ALPCA. Automobile License Plate Collectors Association. Click here for information about this international organization of license plate collectors and enthusiasts.
Apportioned. A non-passenger registration and license plate type issued under terms of the International Registration Plan (IRP) for use on heavy trucks and buses operating interstate. All states and Washington, D.C. participate in the IRP, and fees paid for these registrations are apportioned to licensing agencies in jurisdictions in which the vehicle has been operated based upon mileage reports filed by the owner.
Base. See Baseplate.
Baseplate. Any license plate, but usually used in reference to one that is validated for more than one year. For example, new Washington, D.C. plates issued during March 1967 (the "1967 baseplate") were used until March 31, 1974. License plates used for only a single registration year are typically referred to as just a "plate," whereas multi-year plates, whether dated or not, are usually referred to as "baseplates" in order to indicate that they were revalidated for more than one year. Some baseplates are dated, such as the 1966 Washington, D.C. base (dated "3-31-67" to indicate its first expiration date), but most are not.
Cutoff Point. A specific or approximate (estimated) registration number, in a sequence of consecutively issued numbers, at which the design of a license plate is changed or a completely new plate design is introduced.
Format refers to the order of numbers and letters that comprise a registration number.
General-Issue refers to the registration number format and design of license plates issued to motorists that do not ask for a special number or plate. A majority of new registration transactions result in the issuance of general-issue plates, which presently are comprised of two letters followed by four numbers and have "Taxation Without Representation" across the bottom. Alternatives to general-issue plates are personalized ("vanity") plates, reserved-number plates, and plates with distinctive logos and slogans that promote non-profit organizations.
General Issuance. (Also general reissuance.) The process of issuing new license plates to all holders of one or more types of vehicle rgistrations. The last general reissuance to be undertaken in Washington, D.C. occurred during a two-year period beginning in October 1984.
Hologram. See Security Mark.
Natural. A license plate that has been validated with only one sticker and was issued in conjunction with a new registration. Many license plate collectors seeking plates of particular years prefer natural plates to those that were revalidated for several years. Natural plates are more difficult to find than plates that were revalidated.
Non-Passenger refers to registrations and license plates issued for use on vehicles registered in all categories other than private passenger. Commercial, trailer, and motorcycle are examples of non-passenger types.
Passenger refers to registration and license plates issued for use on privately-owned, non-commercial passenger cars and light trucks.
Prestate. Used by license plate collectors in reference to the period during which motorists were required to register their vehicles with a regulatory authority, usually a state but sometimes a city or county, but were required to supply their own markers (i.e. license plates). Sometimes they made their own, sometimes they assembled them from commercially-available kits, and occasionally they painted their assigned number directly on their vehicle. Not all states had a prestate era because some introduced uniform, state-provided plates upon enactment of the first registration-related laws. Washington, D.C. did, however, have a prestate era. Even though D.C. is a city, not a state, we've stuck with the term prestate because it is part of the vernacular of registration history.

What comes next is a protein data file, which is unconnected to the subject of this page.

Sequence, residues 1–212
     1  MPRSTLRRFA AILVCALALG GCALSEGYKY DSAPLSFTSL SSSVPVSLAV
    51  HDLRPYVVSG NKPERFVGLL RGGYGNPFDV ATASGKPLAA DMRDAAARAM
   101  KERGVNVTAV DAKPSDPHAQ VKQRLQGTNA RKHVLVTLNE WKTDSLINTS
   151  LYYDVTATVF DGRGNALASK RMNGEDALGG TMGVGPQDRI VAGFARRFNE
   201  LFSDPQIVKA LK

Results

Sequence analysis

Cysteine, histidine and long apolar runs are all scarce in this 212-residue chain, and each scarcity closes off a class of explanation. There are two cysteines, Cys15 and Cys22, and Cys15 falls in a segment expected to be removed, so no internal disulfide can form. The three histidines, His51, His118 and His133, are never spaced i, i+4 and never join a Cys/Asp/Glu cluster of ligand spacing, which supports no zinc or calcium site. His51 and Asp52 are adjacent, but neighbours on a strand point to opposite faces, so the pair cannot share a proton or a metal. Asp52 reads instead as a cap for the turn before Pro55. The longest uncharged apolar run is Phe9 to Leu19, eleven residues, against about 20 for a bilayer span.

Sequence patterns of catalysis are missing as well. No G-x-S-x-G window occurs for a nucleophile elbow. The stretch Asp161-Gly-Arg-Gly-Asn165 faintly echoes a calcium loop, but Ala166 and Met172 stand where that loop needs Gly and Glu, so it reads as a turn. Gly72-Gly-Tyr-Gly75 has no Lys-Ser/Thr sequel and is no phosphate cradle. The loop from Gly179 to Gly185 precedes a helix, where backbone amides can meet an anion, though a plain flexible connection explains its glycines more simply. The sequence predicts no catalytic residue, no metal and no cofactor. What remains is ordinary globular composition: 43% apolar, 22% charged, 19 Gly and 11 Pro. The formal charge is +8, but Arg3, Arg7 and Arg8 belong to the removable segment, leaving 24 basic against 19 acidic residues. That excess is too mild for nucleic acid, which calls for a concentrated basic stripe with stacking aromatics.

Reflective Sheeting. A flexible, adhesive-backed plastic material developed and manufactured almost exclusively by Minnesota Mining and Manufacturing Co. ("3M"), used primarily in the production of modern license plates and highway signs. Commercially known as Scotchlite, this material reflects light and is therfore more visible at night, when struck by vehicle headlights, than is a painted surface.
Registration Year. A twelve-month period during which a vehicle registration is valid. The standard registration year in Washington, D.C. was April 1 through March 31 for many years until late 1984, when the expiration of registrations began to be staggered throughout the year based upon the date of purchase.
Reserved Number. A registration number specially assigned to and reserved year after year for a particular vehicle owner, as opposed to a general-issue number.
Scotchlite. See Reflective Sheeting.
Security Mark. An identifying mark imprinted in reflective sheeting used in the manufacture of most Washington, D.C. license plates since 1986. Most security marks are round and appear in a repeating pattern down the center of the plate. They can be seen clearly only when the plate is viewed at a 30 degree angle, and are placed in the sheeting by its manufacturer for control purposes during the production process. Security marks are often erroneously referred to by some license plate collectors as holograms.
Staggered Registration System. A system under which motor vehicle registrations expire at different times throughout the year. Washington, D.C. registrations are staggered by day based upon the date of purchase. For example, if a new registration is purchased on April 28, 2004, its first expiration date will be April 27, 2005.
Sticker. A small, plastic, adhesive-backed device used to indicate the validity of a vehicle registration by being attached to the corresponding license plate.
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